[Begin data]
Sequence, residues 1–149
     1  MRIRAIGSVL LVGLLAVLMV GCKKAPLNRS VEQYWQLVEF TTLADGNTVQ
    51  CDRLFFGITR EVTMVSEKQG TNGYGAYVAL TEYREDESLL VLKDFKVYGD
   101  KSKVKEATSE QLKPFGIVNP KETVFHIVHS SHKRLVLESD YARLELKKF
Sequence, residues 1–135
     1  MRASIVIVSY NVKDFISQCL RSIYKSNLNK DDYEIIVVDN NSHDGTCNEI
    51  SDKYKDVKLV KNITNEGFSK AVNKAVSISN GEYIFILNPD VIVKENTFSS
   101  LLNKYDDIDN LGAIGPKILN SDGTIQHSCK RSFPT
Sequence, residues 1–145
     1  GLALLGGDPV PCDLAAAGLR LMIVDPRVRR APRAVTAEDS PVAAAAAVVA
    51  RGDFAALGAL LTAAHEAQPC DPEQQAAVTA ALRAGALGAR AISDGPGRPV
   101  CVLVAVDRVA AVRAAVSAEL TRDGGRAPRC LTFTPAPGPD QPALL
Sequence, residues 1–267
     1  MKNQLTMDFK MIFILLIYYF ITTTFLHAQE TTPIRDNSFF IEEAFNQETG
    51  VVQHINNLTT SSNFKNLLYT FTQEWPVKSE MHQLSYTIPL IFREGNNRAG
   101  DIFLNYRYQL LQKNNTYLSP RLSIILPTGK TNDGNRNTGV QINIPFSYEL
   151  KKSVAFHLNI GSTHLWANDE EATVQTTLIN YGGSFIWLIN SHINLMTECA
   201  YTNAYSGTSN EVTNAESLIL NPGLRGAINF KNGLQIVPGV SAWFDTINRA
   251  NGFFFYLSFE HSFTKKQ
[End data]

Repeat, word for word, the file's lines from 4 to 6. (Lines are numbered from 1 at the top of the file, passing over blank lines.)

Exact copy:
   101  KSKVKEATSE QLKPFGIVNP KETVFHIVHS SHKRLVLESD YARLELKKF
Sequence, residues 1–135
     1  MRASIVIVSY NVKDFISQCL RSIYKSNLNK DDYEIIVVDN NSHDGTCNEI